Any non-linear solution of partial differential equations is an approximation. These approximations benefit from repetetive solution to achieve the best possible answer. In FiPy (and in many similar PDE solvers), there are three layers of repetition.
This is the lowest layer of repetition, which you’ll generally need to spend the least time thinking about. FiPy solves PDEs by discretizing them into a set of linear equations in matrix form, as explained in Discretization and Linear Equations. It is not always practical, or even possible, to exactly solve these matrix equations on a computer. FiPy thus employs “iterative solvers”, which make successive approximations until the linear equations have been satisfactorily solved. FiPy chooses a default number of iterations and solution tolerance, which you will not generally need to change. If you do wish to change these defaults, you’ll need to create a new Solver object with the desired number of iterations and solution tolerance, e.g.
>>> mySolver = LinearPCGSolver(iterations=1234, tolerance=5e-6) : : >>> eq.solve(..., solver=mySolver, ...)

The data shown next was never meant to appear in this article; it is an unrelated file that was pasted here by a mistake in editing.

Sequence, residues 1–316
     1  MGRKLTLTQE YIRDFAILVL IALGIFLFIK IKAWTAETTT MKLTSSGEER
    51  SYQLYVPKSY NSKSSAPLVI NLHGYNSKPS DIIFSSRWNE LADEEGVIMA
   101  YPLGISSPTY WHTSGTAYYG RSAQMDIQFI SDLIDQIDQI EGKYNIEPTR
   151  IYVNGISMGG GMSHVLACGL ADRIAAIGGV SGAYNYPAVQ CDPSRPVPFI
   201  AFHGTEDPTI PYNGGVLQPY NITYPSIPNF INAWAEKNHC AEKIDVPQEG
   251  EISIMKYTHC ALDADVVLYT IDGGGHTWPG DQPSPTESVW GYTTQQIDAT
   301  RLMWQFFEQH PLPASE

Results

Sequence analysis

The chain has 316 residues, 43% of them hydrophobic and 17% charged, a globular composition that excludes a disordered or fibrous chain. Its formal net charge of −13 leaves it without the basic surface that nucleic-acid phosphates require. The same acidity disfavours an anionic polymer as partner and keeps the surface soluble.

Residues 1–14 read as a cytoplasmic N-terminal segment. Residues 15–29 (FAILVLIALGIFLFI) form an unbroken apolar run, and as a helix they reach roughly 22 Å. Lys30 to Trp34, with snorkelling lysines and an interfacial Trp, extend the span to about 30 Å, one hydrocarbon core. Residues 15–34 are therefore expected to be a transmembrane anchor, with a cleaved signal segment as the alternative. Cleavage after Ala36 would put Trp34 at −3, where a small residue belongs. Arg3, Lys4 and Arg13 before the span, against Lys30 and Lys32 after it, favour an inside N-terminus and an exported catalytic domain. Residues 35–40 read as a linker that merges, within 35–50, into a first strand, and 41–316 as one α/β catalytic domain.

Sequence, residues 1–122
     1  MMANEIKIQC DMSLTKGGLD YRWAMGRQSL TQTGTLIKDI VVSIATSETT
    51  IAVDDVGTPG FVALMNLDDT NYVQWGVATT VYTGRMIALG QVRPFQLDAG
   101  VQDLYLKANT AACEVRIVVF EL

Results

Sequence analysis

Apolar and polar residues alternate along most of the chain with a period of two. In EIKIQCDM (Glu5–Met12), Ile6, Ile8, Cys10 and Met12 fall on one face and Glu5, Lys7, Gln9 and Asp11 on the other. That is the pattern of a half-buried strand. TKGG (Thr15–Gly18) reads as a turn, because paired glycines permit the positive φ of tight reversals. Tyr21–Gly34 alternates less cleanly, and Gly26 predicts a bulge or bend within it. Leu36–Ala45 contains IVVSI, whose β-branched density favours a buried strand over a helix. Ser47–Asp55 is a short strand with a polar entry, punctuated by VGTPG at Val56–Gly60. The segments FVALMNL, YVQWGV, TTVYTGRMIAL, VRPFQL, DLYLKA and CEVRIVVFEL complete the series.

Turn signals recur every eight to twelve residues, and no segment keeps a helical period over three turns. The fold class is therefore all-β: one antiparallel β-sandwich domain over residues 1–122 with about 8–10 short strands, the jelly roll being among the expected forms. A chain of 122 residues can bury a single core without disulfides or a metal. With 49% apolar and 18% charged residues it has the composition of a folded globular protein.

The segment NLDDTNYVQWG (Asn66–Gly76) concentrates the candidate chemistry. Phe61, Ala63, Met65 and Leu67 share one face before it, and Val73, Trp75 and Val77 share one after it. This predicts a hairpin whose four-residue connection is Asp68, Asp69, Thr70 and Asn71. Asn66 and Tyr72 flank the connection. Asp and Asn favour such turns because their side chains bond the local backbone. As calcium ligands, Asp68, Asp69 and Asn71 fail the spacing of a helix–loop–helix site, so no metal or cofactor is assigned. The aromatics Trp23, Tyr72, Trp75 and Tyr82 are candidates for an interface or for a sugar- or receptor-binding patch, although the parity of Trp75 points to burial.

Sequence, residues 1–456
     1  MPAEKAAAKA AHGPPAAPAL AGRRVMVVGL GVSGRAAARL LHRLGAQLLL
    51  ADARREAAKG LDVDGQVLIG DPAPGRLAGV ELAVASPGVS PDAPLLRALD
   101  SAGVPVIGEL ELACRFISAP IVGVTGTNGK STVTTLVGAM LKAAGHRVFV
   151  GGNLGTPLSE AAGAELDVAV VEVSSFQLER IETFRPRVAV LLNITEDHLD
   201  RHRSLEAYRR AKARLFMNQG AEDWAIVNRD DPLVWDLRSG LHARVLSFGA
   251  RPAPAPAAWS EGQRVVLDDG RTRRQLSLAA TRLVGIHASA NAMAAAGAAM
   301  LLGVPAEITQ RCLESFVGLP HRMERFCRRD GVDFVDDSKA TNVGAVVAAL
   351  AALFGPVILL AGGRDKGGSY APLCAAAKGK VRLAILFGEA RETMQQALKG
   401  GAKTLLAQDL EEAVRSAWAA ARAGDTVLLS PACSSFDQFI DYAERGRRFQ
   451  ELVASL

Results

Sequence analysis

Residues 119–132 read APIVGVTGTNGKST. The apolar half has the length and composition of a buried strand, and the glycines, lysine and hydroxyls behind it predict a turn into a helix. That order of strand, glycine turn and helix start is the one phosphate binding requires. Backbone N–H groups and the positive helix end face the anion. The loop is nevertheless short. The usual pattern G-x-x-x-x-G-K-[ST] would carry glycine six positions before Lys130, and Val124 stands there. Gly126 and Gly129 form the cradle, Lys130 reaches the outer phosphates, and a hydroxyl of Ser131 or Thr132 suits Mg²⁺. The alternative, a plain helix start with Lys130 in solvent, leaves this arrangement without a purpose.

The older Solver steps= keyword is now deprecated in favor of iterations= to make the role clearer.
This middle layer of repetition is important when a PDE is non-linear (e.g., a diffusivity that depends on concentration) or when multiple PDEs are coupled (e.g., if solute diffusivity depends on temperature and thermal conductivity depends on concentration). Even if the Solver solves the linear approximation of the PDE to absolute perfection by performing an infinite number of iterations, the solution may still not be a very good representation of the actual non-linear PDE. If we resolve the same equation at the same point in elapsed time, but use the result of the previous solution instead of the previous timestep, then we can get a refined solution to the non-linear PDE in a process known as “sweeping.”
Despite references to the “previous timestep,” sweeping is not limited to time-evolving problems. Nonlinear sets of quasi-static or steady-state PDEs can require sweeping, too.
We need to distinguish between the value of the variable at the last timestep and the value of the variable at the last sweep (the last cycle where we tried to solve the current timestep). This is done by first modifying the way the variable is created:
>>> myVar = CellVariable(..., hasOld=True)
and then by explicitly moving the current value of the variable into the “old” value only when we want to:
Finally, we will need to repeatedly solve the equation until it gives a stable result. To clearly distinguish that a single cycle will not truly “solve” the equation, we invoke a different method “sweep():
>>> for sweep in range(sweeps): ... eq.sweep(var=myVar, ...)
Even better than sweeping a fixed number of cycles is to do it until the non-linear PDE has been solved satisfactorily:
>>> while residual > desiredResidual: ... residual = eq.sweep(var=myVar, ...)